The answer of petitioner referred to the record in No. 80, and in this Court it is stipulated that the record shall be used as part of the record in the pending cases, and certain of the defenses there made are repeated here. For instance, it is contended, and the record in No. 80 is adduced to support the contention, that (1) the patent in suit having expired before the suit was begun, the circuit court was without jurisdiction to entertain the suit; (2) claims in suit being for the functions of a machine are void. And it is further contended that,
"hence the judgment finding defendant [petitioner] in contempt (a) was void because beyond the jurisdiction of the court, and (b) should be set aside because, the claims being void, the injunction was improperly granted."
These contentions are disposed of by the opinion in No. 80, and we may confine our discussions to the other defenses made in the contempt proceedings.
The facts are practically undisputed, and a detail of them is unnecessary. It is enough to say that petitioner is a manufacturer of disc records, such as are described in No. 80. That is, a record upon which is inscribed a lateral undulating groove of even depth, which, when the disc is revolved, compels the reproducing stylus to be vibrated and propelled across its face.
It will be observed how important the record is to the invention embodied in the claims. It is the undulations in the side walls of the spiral groove which vibrate the stylus back and froth, transmitting the recorded sound waves to the diaphragm at the same time propelling the stylus as it engaged with the record. It a comparison may be made between the importance of the elements, as high a degree (if not a higher degree) must be awarded to the disc with its lateral undulations as to the stylus. It is the disc that serves to distinguish the invention -- to mark the advance upon the prior art. "As to the reproducing stylus," as is said by respondent,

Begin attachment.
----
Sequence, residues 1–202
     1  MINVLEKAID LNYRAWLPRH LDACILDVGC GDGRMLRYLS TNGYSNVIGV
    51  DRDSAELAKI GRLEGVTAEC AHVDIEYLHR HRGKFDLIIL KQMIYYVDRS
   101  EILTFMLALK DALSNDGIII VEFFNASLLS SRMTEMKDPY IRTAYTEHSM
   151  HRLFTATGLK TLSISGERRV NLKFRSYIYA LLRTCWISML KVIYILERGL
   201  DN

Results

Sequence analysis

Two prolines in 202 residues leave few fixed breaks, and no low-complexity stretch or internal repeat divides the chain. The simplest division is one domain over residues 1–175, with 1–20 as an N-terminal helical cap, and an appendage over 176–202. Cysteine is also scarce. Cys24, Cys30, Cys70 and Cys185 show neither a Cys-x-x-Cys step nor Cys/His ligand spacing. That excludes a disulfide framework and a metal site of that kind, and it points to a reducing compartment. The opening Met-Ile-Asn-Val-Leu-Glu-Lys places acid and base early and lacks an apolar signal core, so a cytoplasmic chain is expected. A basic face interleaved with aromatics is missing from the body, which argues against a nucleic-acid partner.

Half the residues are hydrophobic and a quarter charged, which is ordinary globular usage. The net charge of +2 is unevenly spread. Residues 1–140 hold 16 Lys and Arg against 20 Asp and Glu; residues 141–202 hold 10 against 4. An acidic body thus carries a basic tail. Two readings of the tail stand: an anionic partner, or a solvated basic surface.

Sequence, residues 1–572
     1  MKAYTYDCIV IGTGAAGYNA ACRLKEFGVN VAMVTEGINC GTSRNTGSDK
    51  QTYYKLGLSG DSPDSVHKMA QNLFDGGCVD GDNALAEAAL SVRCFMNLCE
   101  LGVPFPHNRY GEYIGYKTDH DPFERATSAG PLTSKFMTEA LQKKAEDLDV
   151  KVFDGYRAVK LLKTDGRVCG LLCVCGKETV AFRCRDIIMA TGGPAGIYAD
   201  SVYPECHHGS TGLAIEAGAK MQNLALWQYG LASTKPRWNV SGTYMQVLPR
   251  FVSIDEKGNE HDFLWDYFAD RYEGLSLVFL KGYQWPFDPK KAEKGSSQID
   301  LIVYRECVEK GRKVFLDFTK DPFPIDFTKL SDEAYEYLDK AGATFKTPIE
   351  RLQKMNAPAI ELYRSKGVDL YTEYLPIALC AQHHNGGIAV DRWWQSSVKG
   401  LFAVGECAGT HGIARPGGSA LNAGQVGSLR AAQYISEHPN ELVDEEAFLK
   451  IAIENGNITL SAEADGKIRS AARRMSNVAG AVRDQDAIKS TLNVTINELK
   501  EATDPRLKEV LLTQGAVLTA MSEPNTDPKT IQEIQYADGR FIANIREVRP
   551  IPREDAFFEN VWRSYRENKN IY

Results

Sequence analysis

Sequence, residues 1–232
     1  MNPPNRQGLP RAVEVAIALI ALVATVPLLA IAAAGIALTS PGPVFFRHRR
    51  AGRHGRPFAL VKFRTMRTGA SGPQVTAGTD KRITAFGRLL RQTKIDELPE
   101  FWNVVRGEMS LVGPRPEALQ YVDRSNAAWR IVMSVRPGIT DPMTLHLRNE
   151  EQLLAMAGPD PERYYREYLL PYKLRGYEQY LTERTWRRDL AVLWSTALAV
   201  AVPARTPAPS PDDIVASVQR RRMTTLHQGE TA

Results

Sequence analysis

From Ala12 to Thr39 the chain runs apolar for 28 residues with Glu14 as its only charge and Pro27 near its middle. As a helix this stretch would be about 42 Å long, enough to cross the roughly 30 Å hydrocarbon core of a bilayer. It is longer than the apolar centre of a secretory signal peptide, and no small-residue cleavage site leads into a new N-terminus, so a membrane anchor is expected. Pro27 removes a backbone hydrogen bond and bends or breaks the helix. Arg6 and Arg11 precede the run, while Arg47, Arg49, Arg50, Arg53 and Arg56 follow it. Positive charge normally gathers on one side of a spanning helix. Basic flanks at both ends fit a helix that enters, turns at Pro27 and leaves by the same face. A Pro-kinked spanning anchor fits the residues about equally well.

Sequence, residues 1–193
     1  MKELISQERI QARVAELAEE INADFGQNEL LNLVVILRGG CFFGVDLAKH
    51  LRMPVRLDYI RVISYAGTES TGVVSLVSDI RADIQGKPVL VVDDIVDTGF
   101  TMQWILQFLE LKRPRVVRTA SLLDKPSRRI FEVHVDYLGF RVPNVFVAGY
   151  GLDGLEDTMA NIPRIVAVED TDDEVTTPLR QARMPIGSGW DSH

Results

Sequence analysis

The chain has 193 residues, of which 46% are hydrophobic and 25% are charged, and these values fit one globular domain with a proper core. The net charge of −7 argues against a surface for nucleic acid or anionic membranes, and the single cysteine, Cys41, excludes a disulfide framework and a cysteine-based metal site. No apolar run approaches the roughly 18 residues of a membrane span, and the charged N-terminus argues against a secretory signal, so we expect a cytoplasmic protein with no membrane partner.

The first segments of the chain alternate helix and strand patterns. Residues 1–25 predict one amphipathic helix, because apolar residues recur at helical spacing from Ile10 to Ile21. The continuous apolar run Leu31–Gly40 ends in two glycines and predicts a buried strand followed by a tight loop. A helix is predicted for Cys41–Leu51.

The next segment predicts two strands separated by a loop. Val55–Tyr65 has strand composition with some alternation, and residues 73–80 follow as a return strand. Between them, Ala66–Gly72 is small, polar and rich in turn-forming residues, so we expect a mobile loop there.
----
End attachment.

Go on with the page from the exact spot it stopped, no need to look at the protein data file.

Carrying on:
"it is only necessary that it should be shaped for engagement with the record,
and so positioned and supported as to be free to be vibrated and propelled by the record."
The lower courts found that most of the sales (we quote from the opinion of the circuit court of appeals) of the records by petitioner
"were knowingly made . . . to enable the owners of Victor talking machines to reproduce such musical pieces as they wished by the combination of the Leeds & Catlin record with said machines; that the Leeds & Catlin Company made no effort to restrict the use to which their records might be put until after motion to punish for contempt had been made; that the only effort at such restriction ever made was to insert upon the face of the record a notice to the effect that such record was intended and sold for use with the 'feed-device' machine; that the records sold by plaintiff in error [petitioner] were far more frequently bought to increase the repertoire of the purchaser's Victor machine than to replace worn-out or broken records."
The "feed-device machine" referred to by the court was a talking machine bought by petitioner after, as petitioner avers, the circuit court of appeals affirmed the injunction, and in connection with which it sold, as it also avers, and used, its sound records. The court assumed for the purpose of the cause, that the feed-device machine might be regarded as not infringing any of the rights of the Victor Company under the Berliner patent. The court further found that it was established by the evidence that the discs were equally suitable for that machine as for the machine of the Victor Company, but that it